Endpoints Premium

Premium subscription required

Unlock this article along with other benefits by subscribing to one of our paid plans.

Christian Itin, Autolus CEO (UKBIO19)

Au­to­lus tips its hand, bags $220M as CAR-T show­down with Gilead looms

The first batch of pivotal data on Autolus Therapeutics’ CAR-T is in, and execs are ready to plot a path to market.

With an overall remission rate of 70% at the interim analysis featuring 50 patients, the results set the stage for a BLA filing by the end of 2023, said CEO Christian Itin.

Perhaps more importantly — given that Autolus’ drug, obe-cel, is going after an indication that Gilead’s Tecartus is already approved for — the biotech highlighted “encouraging safety data” in the trial, with a low percentage of patients experiencing severe immune responses.

WIB22: Am­ber Salz­man had few op­tions when her son was di­ag­nosed with a rare ge­net­ic dis­ease. So she cre­at­ed a bet­ter one

This profile is part of Endpoints News’ 2022 special report about Women in Biopharma R&D. You can read the full report here.

Amber Salzman’s life changed on a cold, damp day in Paris over tiny plastic cups of lukewarm tea.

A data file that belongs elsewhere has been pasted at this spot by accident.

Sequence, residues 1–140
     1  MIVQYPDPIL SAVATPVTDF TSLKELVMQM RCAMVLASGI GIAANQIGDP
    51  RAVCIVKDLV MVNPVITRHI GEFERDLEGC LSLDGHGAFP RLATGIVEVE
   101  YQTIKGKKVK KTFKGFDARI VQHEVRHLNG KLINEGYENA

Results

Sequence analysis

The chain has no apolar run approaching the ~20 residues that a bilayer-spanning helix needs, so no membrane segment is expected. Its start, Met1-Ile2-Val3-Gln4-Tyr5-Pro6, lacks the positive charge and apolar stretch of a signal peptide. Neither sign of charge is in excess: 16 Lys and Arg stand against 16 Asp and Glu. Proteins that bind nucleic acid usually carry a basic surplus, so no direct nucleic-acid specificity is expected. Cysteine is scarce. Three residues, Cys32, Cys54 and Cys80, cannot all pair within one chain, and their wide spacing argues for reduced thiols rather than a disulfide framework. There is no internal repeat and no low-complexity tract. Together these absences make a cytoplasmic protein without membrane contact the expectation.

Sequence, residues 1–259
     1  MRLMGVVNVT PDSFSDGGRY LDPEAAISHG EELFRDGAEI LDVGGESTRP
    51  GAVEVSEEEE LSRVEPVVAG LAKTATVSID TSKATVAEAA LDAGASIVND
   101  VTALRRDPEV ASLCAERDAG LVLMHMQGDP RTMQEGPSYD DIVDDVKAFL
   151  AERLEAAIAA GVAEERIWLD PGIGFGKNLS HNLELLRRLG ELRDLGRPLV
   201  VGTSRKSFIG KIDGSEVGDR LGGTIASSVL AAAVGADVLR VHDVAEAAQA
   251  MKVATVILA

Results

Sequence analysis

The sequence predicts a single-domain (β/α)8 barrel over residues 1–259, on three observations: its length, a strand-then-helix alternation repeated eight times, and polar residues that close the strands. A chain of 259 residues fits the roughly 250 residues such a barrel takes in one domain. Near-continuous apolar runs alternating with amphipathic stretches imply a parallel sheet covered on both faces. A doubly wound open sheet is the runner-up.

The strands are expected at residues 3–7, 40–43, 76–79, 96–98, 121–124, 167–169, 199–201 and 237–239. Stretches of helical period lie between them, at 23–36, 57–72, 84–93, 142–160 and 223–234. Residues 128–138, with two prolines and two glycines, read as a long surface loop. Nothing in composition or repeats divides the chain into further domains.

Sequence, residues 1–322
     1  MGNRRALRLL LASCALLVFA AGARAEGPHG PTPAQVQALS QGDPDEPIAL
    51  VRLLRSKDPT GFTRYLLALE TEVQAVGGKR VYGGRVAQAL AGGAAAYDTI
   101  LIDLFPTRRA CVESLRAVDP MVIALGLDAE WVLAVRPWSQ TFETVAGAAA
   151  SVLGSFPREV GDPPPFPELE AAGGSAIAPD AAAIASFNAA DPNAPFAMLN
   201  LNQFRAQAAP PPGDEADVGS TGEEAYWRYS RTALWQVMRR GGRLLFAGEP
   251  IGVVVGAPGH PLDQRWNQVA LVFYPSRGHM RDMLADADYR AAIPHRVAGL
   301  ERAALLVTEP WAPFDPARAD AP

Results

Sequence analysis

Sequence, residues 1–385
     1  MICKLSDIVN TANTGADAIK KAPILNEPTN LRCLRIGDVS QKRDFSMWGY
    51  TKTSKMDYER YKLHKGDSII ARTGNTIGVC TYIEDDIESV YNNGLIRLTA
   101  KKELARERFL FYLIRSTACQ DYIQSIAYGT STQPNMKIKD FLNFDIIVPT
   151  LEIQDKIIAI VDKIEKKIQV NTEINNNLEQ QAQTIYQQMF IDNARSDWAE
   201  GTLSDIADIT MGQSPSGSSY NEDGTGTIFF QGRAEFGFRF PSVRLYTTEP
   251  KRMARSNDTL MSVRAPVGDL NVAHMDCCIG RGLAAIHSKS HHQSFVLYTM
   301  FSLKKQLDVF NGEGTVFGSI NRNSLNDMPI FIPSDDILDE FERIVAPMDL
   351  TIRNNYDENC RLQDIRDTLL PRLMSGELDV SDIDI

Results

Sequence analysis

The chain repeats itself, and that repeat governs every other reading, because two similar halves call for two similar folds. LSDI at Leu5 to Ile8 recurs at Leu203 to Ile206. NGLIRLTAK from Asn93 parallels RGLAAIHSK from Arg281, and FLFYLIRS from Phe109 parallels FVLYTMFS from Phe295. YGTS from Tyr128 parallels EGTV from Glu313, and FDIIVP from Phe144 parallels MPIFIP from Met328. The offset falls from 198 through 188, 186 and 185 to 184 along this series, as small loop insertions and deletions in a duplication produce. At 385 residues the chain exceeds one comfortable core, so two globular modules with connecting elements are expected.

She was meeting with Patrick Aubourg, a French neurologist studying adrenoleukodystrophy, or ALD, a rare genetic condition that causes rapid neurological decline in young boys. It’s a sinister disease that often leads to disability or death within just a few years. Salzman’s nephew was diagnosed at just 6 or 7 years old, and died at the age of 12.

Endpoints News

Keep reading Endpoints with a free subscription

Unlock this story instantly and join 154,300+ biopharma pros reading Endpoints daily — and it's free.

Ahead of ad­comm, FDA rais­es un­cer­tain­ties on ben­e­fit-risk pro­file of Cy­to­ki­net­ic­s' po­ten­tial heart drug

The FDA’s Cardiovascular and Renal Drugs Advisory Committee will meet next Tuesday to discuss whether Cytokinetics’ potential heart drug can safely reduce the risk of cardiovascular death and heart failure in patients with symptomatic chronic heart failure with reduced ejection fraction.

The drug, known as omecamtiv mecarbil and in development for more than 15 years, has seen mixed results, with a first Phase III readout from November 2020 hitting the primary endpoint of reducing the odds of hospitalization or other urgent care for heart failure by 8%. But it also missed a key secondary endpoint analysts had pegged as key to breaking into the market.

Ab­b­Vie slapped with age dis­crim­i­na­tion law­suit, fol­low­ing oth­er phar­mas

Add AbbVie to the list of pharma companies currently facing age discrimination allegations.

Pennsylvania resident Thomas Hesch filed suit against AbbVie on Wednesday, accusing the company of passing him over for promotions in favor of younger candidates.